Florida alligators have a bad rep right now.
After one of the reptiles killed 2-year-old Lane Graves at a Disney resort this week, people are understandably wary of the predators.
But the truth is that while they’re doubtless dangerous, attacks on humans are rare, as numbers from the Florida Fish & Wildlife Conservation Commission demonstrate:
– There are 1.3 million alligators in the state, roughly one for every 15 residents.
– Despite their prevalence, alligators have attacked only 383 people since 1948. Of those, 126 were minor attacks, meaning the victims didn’t require first aid. That means, in almost seven decades, fewer than four attacks a year were serious.
– In that same timespan, there were only 24 fatalities, fewer than half of the death toll wrought by the Pulse nightclub shooter just days before young Lane was tragically killed.
Floridians are astutely aware of the dangers they pose and, in fact, have embraced the animals, making them a central part of the state’s identity.
No, they’re not the draw of theme parks or the Gulf Coast or South Beach, but Florida is aware the beasts carry a certain mystique and has capitalized on it in many ways.
Here is a look at how alligators are as much a part of Florida as oranges, palm trees and hurricanes.
As you pull into The Black Hammock in Oviedo, it feels like something out of a Carl Hiaasen novel: Locals and tourists swig cold beer beneath palm trees on a Lake Jesup peninsula hosting a fleet of airboats covered by a tin roof.
Alligators bask in concrete enclosures, as colorful parrots caw and say hello from their chain-link aviaries. Alligator sculptures and paintings can be found throughout the compound, which includes a restaurant, gift shop and the Lazy Gator Bar.
A big draw is the alligator feedings, said Samantha, 24, a gift shop employee who asked not to give her last name. She’s been coming to Black Hammock with her family since she was 12 and began working there in October.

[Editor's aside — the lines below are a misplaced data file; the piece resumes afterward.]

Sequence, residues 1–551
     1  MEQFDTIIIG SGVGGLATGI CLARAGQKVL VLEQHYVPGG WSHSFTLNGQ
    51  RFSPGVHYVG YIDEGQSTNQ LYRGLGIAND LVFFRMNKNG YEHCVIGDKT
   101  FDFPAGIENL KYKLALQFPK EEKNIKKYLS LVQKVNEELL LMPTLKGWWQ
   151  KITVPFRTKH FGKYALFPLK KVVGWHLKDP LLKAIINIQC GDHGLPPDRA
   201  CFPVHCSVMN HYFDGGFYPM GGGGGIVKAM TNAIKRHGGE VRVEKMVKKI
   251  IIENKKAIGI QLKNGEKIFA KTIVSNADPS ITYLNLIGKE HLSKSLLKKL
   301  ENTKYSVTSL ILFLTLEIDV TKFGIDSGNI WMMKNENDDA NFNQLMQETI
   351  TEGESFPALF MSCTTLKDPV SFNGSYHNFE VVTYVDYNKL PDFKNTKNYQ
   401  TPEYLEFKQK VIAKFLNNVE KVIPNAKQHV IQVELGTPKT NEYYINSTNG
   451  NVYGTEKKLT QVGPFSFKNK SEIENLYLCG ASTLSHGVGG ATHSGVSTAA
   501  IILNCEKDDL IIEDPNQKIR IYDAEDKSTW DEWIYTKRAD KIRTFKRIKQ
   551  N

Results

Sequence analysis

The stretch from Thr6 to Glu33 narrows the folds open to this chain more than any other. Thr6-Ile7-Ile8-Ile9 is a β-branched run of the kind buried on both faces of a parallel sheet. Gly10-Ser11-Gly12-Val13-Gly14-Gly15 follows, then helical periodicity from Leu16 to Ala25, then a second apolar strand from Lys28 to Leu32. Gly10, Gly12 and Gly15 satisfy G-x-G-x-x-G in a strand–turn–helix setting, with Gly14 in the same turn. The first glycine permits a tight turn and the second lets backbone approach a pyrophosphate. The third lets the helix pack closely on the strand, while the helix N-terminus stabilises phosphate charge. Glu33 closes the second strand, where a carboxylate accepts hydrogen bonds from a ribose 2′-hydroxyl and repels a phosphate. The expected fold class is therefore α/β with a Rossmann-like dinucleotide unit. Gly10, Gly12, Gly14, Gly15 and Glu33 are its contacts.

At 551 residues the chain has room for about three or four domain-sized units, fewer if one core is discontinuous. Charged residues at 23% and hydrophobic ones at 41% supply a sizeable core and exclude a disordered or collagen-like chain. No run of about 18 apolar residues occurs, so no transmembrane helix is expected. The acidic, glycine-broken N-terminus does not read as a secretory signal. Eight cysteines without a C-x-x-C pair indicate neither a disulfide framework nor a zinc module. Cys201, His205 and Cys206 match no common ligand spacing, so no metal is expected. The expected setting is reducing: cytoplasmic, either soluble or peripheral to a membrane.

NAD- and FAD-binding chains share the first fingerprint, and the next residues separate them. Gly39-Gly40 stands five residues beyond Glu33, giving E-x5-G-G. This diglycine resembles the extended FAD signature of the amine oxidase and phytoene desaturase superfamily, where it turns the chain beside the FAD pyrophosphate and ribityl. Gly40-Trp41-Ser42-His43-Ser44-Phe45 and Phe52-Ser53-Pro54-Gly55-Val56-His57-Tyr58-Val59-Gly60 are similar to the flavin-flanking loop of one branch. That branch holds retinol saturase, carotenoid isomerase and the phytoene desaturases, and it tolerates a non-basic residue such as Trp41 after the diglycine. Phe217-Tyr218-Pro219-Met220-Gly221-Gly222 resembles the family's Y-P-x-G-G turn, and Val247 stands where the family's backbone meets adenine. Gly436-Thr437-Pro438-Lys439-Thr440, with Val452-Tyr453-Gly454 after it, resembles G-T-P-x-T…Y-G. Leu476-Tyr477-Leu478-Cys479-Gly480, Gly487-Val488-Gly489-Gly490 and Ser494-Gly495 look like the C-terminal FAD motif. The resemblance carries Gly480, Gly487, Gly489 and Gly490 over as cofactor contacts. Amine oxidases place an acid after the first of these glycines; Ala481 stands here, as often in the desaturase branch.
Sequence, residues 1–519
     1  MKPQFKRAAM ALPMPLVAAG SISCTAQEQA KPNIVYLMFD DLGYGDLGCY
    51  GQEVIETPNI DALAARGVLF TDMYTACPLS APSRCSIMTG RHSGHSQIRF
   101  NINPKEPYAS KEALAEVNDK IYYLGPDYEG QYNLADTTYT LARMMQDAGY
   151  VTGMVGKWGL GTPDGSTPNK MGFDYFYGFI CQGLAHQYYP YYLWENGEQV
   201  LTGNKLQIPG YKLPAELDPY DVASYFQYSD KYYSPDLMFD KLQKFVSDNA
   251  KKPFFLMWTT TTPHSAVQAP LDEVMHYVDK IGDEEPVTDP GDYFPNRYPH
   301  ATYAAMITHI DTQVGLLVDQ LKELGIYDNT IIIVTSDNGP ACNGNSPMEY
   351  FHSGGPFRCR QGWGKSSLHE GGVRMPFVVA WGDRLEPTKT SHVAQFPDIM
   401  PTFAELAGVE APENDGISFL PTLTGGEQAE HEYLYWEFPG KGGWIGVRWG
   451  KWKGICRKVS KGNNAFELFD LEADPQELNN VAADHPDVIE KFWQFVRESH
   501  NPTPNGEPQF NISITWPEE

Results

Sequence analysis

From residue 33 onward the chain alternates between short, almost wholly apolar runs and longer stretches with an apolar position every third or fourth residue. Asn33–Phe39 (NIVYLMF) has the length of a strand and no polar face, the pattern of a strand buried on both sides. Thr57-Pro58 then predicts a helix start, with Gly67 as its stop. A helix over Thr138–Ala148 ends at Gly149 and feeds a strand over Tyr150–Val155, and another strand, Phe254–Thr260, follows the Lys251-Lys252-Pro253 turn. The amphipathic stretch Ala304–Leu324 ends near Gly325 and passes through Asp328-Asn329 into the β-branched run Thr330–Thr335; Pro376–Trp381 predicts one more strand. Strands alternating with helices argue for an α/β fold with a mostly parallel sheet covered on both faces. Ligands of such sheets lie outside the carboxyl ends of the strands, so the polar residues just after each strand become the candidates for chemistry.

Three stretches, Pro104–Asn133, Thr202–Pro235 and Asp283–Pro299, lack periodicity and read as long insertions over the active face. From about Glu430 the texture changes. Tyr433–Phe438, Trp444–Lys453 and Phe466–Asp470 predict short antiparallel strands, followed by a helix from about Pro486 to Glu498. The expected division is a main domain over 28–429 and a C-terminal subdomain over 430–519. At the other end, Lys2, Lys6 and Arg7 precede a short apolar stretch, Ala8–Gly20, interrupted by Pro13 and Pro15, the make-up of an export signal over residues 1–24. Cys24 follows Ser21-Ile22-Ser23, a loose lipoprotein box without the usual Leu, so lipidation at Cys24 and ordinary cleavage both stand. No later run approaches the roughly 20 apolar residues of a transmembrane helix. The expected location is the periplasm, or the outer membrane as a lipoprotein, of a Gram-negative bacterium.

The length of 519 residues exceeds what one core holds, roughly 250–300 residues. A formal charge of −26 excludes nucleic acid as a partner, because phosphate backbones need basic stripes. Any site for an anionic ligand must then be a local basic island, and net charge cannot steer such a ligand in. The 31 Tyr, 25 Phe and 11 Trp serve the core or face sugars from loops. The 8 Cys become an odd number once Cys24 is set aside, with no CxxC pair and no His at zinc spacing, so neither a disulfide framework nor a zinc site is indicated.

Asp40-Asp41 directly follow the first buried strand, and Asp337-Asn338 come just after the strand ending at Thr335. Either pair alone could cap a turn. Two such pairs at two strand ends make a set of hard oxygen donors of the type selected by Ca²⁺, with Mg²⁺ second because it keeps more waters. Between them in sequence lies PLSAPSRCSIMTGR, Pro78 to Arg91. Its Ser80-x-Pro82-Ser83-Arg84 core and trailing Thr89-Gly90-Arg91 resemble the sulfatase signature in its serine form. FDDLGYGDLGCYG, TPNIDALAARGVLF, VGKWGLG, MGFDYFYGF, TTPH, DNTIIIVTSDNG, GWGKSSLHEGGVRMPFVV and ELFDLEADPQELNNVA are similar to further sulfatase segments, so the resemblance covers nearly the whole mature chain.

“You can hold the baby gators,” she said, pointing to a 2-foot female in the gift shop aquarium. “We’ve got Firecracker here and up at the restaurant we’ve got Max. … He gets a little cranky sometimes, but she’s the sweetest. You pull her out, she barely struggles at all. You lay her in your arm and she’ll just sit there, like a cat. You just pet her.”
For $2, you can buy a plastic cup of hot dog chunks, which you attach to a wire at the end of a cane pole and drop into one of the enclosures. As whimsical as it sounds, it gives you a sense of the animal – its lethargy, poor vision and ineptitude at chewing.
Like The Black Hammock, many outfits offer airboat tours into gator country. The best time to see them is during the cooler spring months.
Scott Vuncannon of Marsh Landing Adventures in St. Cloud has been giving the tours for 12 years, and despite the abundance of wildlife in these ecosystems, tourists often tell him the same thing.
“Most of them want to see an alligator in the wild. They want to see something that will come up and say hi,” he said.
Vuncannon’s happy to oblige, he said.
“Everybody gets one guaranteed. If I’ve got to keep you out here the rest of the day, you’re going to see one alligator,” he promised.
The Seminoles claim alligator wrestling began with their tribe. According to an Ah-Tah-Thi-Ki Museum blog post, it began with Seminoles hunting the animal for food.